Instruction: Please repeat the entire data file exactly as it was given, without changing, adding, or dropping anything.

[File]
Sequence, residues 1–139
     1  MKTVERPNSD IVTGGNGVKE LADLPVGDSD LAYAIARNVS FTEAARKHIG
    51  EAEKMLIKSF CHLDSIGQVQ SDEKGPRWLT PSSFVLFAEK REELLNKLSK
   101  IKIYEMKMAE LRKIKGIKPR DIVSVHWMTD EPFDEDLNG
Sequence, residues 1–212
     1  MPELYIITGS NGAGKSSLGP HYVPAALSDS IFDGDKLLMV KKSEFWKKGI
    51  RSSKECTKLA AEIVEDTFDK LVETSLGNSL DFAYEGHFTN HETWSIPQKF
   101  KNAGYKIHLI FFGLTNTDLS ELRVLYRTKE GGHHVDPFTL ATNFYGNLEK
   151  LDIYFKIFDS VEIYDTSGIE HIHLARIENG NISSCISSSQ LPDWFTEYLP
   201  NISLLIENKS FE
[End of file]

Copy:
Sequence, residues 1–139
     1  MKTVERPNSD IVTGGNGVKE LADLPVGDSD LAYAIARNVS FTEAARKHIG
    51  EAEKMLIKSF CHLDSIGQVQ SDEKGPRWLT PSSFVLFAEK REELLNKLSK
   101  IKIYEMKMAE LRKIKGIKPR DIVSVHWMTD EPFDEDLNG
Sequence, residues 1–212
     1  MPELYIITGS NGAGKSSLGP HYVPAALSDS IFDGDKLLMV KKSEFWKKGI
    51  RSSKECTKLA AEIVEDTFDK LVETSLGNSL DFAYEGHFTN HETWSIPQKF
   101  KNAGYKIHLI FFGLTNTDLS ELRVLYRTKE GGHHVDPFTL ATNFYGNLEK
   151  LDIYFKIFDS VEIYDTSGIE HIHLARIENG NISSCISSSQ LPDWFTEYLP
   201  NISLLIENKS FE